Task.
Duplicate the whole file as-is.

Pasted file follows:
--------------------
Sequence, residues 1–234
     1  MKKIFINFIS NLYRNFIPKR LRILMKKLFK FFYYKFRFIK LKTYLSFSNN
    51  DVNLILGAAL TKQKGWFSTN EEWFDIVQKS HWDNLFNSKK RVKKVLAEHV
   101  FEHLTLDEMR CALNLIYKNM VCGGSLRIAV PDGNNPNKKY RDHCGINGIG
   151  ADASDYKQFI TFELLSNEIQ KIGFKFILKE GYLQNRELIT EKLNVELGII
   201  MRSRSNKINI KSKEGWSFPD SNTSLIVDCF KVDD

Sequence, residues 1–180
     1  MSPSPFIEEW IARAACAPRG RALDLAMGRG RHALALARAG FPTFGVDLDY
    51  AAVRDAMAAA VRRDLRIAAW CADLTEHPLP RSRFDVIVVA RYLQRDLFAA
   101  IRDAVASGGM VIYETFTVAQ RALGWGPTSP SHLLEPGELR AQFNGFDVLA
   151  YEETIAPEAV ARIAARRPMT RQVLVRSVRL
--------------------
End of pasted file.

Sequence, residues 1–234
     1  MKKIFINFIS NLYRNFIPKR LRILMKKLFK FFYYKFRFIK LKTYLSFSNN
    51  DVNLILGAAL TKQKGWFSTN EEWFDIVQKS HWDNLFNSKK RVKKVLAEHV
   101  FEHLTLDEMR CALNLIYKNM VCGGSLRIAV PDGNNPNKKY RDHCGINGIG
   151  ADASDYKQFI TFELLSNEIQ KIGFKFILKE GYLQNRELIT EKLNVELGII
   201  MRSRSNKINI KSKEGWSFPD SNTSLIVDCF KVDD

Sequence, residues 1–180
     1  MSPSPFIEEW IARAACAPRG RALDLAMGRG RHALALARAG FPTFGVDLDY
    51  AAVRDAMAAA VRRDLRIAAW CADLTEHPLP RSRFDVIVVA RYLQRDLFAA
   101  IRDAVASGGM VIYETFTVAQ RALGWGPTSP SHLLEPGELR AQFNGFDVLA
   151  YEETIAPEAV ARIAARRPMT RQVLVRSVRL